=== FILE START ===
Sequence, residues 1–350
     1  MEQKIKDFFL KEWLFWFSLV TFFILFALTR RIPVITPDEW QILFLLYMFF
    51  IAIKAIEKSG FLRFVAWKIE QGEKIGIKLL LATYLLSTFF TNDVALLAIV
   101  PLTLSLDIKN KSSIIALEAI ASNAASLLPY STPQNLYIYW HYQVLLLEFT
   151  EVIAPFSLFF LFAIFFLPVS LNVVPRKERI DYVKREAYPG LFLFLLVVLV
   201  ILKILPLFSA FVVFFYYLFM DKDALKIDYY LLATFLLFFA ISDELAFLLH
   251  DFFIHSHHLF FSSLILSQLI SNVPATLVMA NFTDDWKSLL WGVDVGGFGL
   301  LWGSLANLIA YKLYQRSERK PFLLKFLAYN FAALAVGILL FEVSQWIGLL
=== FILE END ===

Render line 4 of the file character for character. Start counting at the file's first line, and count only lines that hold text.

   101  PLTLSLDIKN KSSIIALEAI ASNAASLLPY STPQNLYIYW HYQVLLLEFT